Every industry has its demons. The pharmaceutical industry’s struggles — its aversion to risk, fear of regulatory backlash, the siloed nature of its organizational structure — are well documented.
But today’s developing environment — coined the Fourth Industrial Revolution and characterized by rapidly evolving and disruptive advances in technology — has created a new and intimidating landscape. According to the World Economic Forum, this current revolution is “reshaping industries, blurring geographical boundaries, challenging existing regulatory frameworks, and even redefining what it means to be human.”¹ In this new world, tools such as automation, IIoT, cloud-computing and data analytics offer all industries the potential for digital transformation — if they can properly understand and implement them.
Pharmaceutical Manufacturing’s second annual Smart Pharma survey separately asked drug manufacturers and equipment and services vendors* their thoughts on the pharma industry’s digital transformation progress.
Close analysis of the survey results confirms a lot of what we already know: The pharmaceutical industry has seen great advances in transformative technology, and it’s becoming increasingly evident that if properly harnessed, many of these innovations can give manufacturers an edge. But recent survey results closely mirror the responses from last year — and the concern is that this could mean progress is stalling.
In order to keep moving forward and propel itself into the next stage of digital transformation, pharma needs to confront some very real challenges.
The good news is that pharma believes in digital. Over 70 percent of surveyed pharma manufacturers see the big picture, understanding that in the long-run, a more automated pharma industry will improve productivity, quality, and efficiency — and cut costs. This year, the number of manufacturers who specifically indicated a connection between automation and cost-cutting jumped from 55 to 71 percent — perhaps a positive sign that manufacturers are starting to see actual financial benefits from successful digital initiatives.
Cultural buy-in, especially from a traditionally conservative industry, is also crucial for success. According to survey results, the industry is noting a rising comfort level with the new computing, control and communications technologies represented by the IIoT. Over 79 percent of pharma respondents noted an increase in automation-related comfort in the industry, while 83 percent of vendors (up 15 percent from last year) agreed that the pharma workforce’s comfort level is rising.
Encouragingly, when it comes to designing or upgrading manufacturing facilities, 87 percent of manufacturers and 91 percent of vendors said that digitalization is part of the discussion. Of this group, 36 percent of manufacturers said digitalization is actually the leading priority.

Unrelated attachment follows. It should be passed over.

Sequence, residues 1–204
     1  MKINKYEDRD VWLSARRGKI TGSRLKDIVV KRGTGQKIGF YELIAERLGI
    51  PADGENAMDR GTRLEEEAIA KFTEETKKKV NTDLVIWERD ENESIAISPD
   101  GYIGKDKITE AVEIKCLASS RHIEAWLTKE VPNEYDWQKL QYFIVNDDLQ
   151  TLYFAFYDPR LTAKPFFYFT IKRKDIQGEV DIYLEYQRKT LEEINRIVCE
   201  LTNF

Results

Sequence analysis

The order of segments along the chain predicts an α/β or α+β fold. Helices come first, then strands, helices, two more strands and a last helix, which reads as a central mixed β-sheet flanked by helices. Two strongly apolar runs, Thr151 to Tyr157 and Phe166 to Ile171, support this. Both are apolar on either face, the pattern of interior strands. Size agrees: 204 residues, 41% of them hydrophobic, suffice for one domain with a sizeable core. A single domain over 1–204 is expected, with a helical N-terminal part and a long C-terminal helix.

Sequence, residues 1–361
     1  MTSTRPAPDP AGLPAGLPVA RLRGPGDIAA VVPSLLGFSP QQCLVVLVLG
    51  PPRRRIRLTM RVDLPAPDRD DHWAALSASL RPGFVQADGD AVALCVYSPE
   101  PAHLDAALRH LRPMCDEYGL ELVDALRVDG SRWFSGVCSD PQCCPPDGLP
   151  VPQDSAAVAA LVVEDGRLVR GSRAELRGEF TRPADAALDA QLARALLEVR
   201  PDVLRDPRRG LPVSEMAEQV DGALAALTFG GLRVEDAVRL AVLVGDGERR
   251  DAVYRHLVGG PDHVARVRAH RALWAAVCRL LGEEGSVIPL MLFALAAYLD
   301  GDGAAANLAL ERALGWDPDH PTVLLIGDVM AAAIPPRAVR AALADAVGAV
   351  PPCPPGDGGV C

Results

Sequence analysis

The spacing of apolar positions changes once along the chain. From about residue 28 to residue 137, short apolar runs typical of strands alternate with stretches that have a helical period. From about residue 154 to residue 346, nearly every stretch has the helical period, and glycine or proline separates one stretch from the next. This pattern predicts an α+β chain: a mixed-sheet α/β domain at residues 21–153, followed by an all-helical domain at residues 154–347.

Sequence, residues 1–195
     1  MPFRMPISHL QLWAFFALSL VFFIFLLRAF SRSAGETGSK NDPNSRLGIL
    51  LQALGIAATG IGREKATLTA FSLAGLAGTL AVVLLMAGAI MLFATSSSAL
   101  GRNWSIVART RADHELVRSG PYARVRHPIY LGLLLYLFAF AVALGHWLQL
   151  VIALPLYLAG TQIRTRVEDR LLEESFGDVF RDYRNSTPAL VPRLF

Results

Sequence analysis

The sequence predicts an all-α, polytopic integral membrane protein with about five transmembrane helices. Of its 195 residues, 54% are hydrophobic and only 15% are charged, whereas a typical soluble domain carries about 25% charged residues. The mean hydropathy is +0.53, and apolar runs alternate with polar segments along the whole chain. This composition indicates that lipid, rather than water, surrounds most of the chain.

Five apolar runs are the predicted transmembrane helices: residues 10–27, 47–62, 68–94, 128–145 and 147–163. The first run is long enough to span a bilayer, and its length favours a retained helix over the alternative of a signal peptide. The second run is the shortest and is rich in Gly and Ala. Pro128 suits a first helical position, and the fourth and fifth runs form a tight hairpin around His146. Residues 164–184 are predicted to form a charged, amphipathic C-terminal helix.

TECHNOLOGY IS LURKING
Digital technology is everywhere — firmly embedded in our personal and professional lives — to the point where it is difficult to claim that a lack of technological innovation is holding back progress.
Survey answers support the assertion that the technological innovation needed for pharma to succeed on its digital transformation journey is available, and at increasingly affordable costs, too.
When ranking their concerns surrounding smart manufacturing plants, tech innovation — specifically the concern that “technology being offered to the pharma industry is not advanced enough” — was second to last on the list of manufacturers’ concerns and dead-last according to vendors. But perhaps vendors are warranted
in giving themselves a pat on the back, as it seems that overall, the industry is confident that the level of technology being offered is advanced enough to do the job.
These results are in consonance with the manufacturing sector in general, as well. At the recent Smart Industry 2018 Conference — an annual event geared toward accelerating the ongoing digital transformation of manufacturing — the exhibit hall was overflowing with innovative technologies. Yet during three days of presentations, the focus was not on technology, but instead, how to integrate and use these new tools to maximize benefits.
In pharma, there appears to be a debate as to who is responsible for continuing to advance this technology. According to survey results, pharma manufacturers are somewhat split between believing vendors should be proactively leading the charge, believing vendors should be reacting to the needs of pharma companies, or believing there should be collaboration between both parties. Vendors, however, are more decisive: Over 50 percent believe they should be leading the innovation charge, while a mere 12 percent feel they should be reacting to the demands of drug manufacturers.
Last year’s survey revealed that overall, pharmaceutical manufacturers were more optimistic than vendors about the industry’s digital transformation progress. This year’s results saw that gap shrinking — perhaps a natural balancing out as the industry, as a whole, gains a clearer picture of where they stand.
When asked to describe the pharma industry’s collective progress on digital transformation initiatives, the vast majority (87 percent of manufacturers and 89 percent of vendors) put the industry into one of two categories: at the starting gate, with focus on learning and exploration, or identifying early applications to pilot.